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Brian Cox

By Brian Cox

Good Books About How One Person Can Make a Difference

05/15/13


It can be easy to assume that one person cannot make much of a difference in the community. Sometimes the need seems greater than the energy you have to offer, but never doubt the difference you can make in another person's life or in the life of a community. The following titles are good books to read about just that.

Same Kind of Different as Me by Ron Hall and Denver Moore

The unlikely friendship between an art dealer and a homeless man began with an introduction at a soup kitchen. As the friendship grew, so did the recognition of similarities between the two men. In the face of hardship, the one who had been served became the one who was a source of stability. Everybody was changed.

Middle of Everywhere by Mary Pipher

Pipher tells the stories of various refugee families she meets in the heartland of America and what she learns about the challenges they face when they reach the States. Her desire to know their story leads to a desire to help them navigate the throws of government aid, the excessive selection of unfamiliar foods in American grocery stores, and which mail pieces are important and which ones are junk. Pipher's assistance helps the families and their stories motivate her.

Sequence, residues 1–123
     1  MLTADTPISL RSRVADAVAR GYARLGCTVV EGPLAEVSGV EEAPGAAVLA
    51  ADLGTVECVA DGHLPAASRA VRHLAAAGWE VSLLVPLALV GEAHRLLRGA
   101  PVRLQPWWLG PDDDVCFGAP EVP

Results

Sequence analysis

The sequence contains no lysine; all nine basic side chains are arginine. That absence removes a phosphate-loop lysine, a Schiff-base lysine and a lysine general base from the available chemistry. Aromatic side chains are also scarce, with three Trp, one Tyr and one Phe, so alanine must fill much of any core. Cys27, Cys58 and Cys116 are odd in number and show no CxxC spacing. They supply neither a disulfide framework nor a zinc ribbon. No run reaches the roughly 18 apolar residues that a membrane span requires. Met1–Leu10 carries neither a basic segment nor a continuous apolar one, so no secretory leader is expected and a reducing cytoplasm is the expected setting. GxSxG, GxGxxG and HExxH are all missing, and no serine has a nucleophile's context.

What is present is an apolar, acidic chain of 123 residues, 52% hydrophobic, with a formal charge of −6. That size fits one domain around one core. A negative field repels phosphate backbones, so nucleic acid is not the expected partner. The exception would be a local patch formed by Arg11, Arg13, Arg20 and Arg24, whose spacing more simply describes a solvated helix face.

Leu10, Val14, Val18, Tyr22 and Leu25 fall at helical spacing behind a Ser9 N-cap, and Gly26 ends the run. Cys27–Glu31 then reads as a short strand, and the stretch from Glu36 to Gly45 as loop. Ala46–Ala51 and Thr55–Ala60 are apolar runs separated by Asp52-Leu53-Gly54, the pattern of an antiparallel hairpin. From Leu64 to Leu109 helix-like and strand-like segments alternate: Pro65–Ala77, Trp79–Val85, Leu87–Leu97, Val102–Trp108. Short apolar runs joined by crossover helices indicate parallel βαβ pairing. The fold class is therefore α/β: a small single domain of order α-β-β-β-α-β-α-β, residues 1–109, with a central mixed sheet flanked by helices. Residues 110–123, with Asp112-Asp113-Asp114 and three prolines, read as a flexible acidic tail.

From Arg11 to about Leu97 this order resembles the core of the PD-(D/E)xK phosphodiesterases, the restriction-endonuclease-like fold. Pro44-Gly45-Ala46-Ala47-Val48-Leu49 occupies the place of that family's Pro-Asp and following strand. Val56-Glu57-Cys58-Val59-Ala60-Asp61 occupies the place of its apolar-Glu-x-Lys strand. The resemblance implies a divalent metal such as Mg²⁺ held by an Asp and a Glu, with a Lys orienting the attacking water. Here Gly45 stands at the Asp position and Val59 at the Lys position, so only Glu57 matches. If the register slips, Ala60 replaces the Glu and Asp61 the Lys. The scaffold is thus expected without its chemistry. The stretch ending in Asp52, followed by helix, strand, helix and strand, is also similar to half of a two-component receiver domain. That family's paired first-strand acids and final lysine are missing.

Irresistible Revolution by Shane Claiborne

Claiborne has strong opinions about how the outcasts of society should be treated. In this book, he shares stories about how he has chosen to live out those opinions by entering the world of those he seeks to serve and living there full time. It is in that context that he and those who join his cause experiment with a variety of ways to meet needs. From wasted food to urban gardens, from homemade clothes to a new way of paying for medical care, he tackles social justice issues head on.

Three Cups of Tea by Greg Mortenson

What began as a backpacking adventure morphed into a quest to build schools for children in remote villages of Pakistan. Mortenson had no experience as a teacher and no background in building schools, but conversations with village leaders over the traditionally hospitable cups of tea lit a fire in him that changed everything.

These titles are more than just good books to read, they are great stories to tell. The wonder of the stories cannot be adequately summarized without spoiling aspects of the account. Suffice it to say the books are motivational because they are true stories about real people making a difference. There are countless good books to read, but not nearly as many that tell true stories that do more than entertain. Let these books motivate you to get involved in your own community.

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